‘BIG ED’ LENDENSKI MEMORIAL BLOOD DRIVE IS A CELEBRATION OF LIFE

Carolyn Lendenski with son Edde Lendenski donating in his dad's memory.

Carolyn Lendenski with son Edde Lendenski donating in his dad’s memory.

The “Celebrating 50 Years of Saving Lives” t-shirts on the table at the 3rd annual Ed Lendenski Memorial Blood Drive Monday, Aug. 18 in West Milton stirred memories for Carolyn Lendenski, widow of the popular Milton-Union High School principal, coach and community leader.
Sept. 14, 2014 will mark Community Blood Center’s (CBC) 50th anniversary. As Carolyn handed out the special t-shirts and home-baked brownies in the Donor Café she recalled when “Big Ed,” her great bear of a husband with a life-long passion for athletics, was laid low by myelodysplastic syndrome, the bone marrow disorder that eventually took his life.
“We celebrated our 50th wedding anniversary in the hospital,” she said. “Everyone at Good Samaritan was wonderful to us. Father Caserta (pastor of West Milton’s Transfiguration Church) said, ‘We could have a mass said for you, we have a chapel here.’”
MDS patients develop severe anemia and Ed’s treatment included many blood transfusions. His family began the memorial blood drive as a way to thank and honor blood donors who helped extend his life.
Monday’s blood drive registered 27 donors, including three first-time donors, and collected 23 donations.
“Ed’s hemoglobin had dropped and he was prone to infection at that time,” she said. But the nursing staff got together and cleaned up the room. They had champagne and snacks, and just for Ed and I they set up a room with flowers. They asked, ‘If you could have dinner anywhere, where would you want to go?’ I said, ‘Oh, the Pine Club!’ They had a dinner cooked at the hospital with everything from the Pine Club. He passed away six months later but at least we got to celebrate our anniversary together.”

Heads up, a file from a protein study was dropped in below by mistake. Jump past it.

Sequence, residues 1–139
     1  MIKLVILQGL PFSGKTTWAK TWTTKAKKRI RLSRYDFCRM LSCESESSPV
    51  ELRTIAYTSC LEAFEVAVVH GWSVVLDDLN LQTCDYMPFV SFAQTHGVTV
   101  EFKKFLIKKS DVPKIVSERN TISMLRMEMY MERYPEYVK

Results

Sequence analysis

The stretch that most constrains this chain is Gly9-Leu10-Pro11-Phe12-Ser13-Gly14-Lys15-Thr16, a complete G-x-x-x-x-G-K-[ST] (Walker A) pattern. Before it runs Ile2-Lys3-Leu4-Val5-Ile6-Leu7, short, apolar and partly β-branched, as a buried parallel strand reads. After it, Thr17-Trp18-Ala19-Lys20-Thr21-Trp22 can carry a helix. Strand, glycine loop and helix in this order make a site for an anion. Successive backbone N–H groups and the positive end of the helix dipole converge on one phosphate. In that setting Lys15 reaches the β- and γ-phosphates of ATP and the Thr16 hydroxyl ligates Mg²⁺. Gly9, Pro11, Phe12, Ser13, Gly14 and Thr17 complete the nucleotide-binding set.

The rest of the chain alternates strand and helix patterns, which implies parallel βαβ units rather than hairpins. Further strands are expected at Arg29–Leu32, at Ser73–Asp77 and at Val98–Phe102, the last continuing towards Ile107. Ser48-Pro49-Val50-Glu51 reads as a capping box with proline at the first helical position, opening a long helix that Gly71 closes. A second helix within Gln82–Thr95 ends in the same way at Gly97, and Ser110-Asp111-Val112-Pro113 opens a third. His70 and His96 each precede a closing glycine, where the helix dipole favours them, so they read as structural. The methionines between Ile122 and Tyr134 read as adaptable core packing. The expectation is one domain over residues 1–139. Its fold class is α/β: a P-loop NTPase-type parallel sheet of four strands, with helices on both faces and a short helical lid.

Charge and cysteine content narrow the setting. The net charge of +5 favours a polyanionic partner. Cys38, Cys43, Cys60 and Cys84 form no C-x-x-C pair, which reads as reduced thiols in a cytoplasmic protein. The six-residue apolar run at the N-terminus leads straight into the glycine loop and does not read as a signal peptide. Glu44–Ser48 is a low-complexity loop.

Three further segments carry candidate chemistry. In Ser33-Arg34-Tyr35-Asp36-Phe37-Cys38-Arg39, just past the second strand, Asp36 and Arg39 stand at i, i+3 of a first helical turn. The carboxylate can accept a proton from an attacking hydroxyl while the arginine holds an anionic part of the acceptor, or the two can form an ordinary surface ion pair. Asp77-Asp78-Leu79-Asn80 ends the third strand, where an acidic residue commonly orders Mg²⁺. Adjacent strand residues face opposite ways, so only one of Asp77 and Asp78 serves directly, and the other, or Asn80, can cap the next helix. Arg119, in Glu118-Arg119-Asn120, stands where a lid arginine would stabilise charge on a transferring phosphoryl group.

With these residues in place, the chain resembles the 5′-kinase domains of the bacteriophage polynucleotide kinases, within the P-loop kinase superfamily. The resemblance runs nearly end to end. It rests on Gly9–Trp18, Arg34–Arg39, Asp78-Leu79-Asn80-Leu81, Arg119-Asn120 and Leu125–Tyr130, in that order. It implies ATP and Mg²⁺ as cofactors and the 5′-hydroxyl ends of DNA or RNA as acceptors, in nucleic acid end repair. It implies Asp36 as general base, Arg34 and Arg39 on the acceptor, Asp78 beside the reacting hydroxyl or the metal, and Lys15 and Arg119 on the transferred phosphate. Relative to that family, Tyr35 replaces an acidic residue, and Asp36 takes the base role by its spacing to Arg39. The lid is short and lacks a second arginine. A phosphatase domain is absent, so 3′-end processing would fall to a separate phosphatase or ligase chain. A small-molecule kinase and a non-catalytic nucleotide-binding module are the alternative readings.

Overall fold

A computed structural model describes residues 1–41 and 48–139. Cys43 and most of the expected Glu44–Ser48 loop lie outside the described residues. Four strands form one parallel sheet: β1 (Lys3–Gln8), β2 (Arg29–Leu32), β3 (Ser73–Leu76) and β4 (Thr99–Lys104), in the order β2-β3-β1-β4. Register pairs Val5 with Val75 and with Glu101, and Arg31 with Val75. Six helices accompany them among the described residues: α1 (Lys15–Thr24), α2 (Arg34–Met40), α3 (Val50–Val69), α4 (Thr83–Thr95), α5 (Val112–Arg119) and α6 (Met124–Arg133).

It’s a tribute to Ed Lendenski that his former students and players remember him fondly and donate in his memory at the blood drive. Former player and fellow Rotary Club member Steve Longenecker donated Monday – his third in Ed’s name. He again told stories of Ed’s reputation for discipline, including paddling and “locker dancing” – tossing unruly players like Steve against lockers – to get their attention.
“My dad and Big Ed were best friends,” said West Milton’s Trasey Thompson, who made her 20th lifetime donation Monday. “They did a lot of fishing together. I went to school with Eddie, their son, and we graduated together. They’re good people.”
Eddie made more than 20 platelet donations for his father, the last just days before Big Ed’s death in March of 2012. Near the end of Monday’s blood drive Eddie arrived at Transfiguration Church from his home in the Mason area to donate again, this time in his dad’s memory.
“It’s for dad and for anybody else that needs blood,” he said. “People don’t realize how important this really is until it happens to someone in your family.” The thought is not just about Big Ed. Eddie’s 14-year old son is a big, strong football and baseball player just like his dad and grandfather. But he nearly died from a sinus infection that spread to his brain. He has recovered, and the family is thankful.
An unexpected delight at the blood drive came courtesy of Lindsay Baddeley, who donated with her four-month old son Aidan at her side. Lindsay first donated while at Vandalia-Butler High School, then later at Miami Valley Career Technology Center. “I was working at CTC,” said Carolyn. “That was right before I retired.” The two talked about school days as Lindsay donated and Carolyn held Aidan and fed him his bottle. As the family always says at the Ed Lendenski Memorial Blood Drive, “Big Ed would be so proud.”

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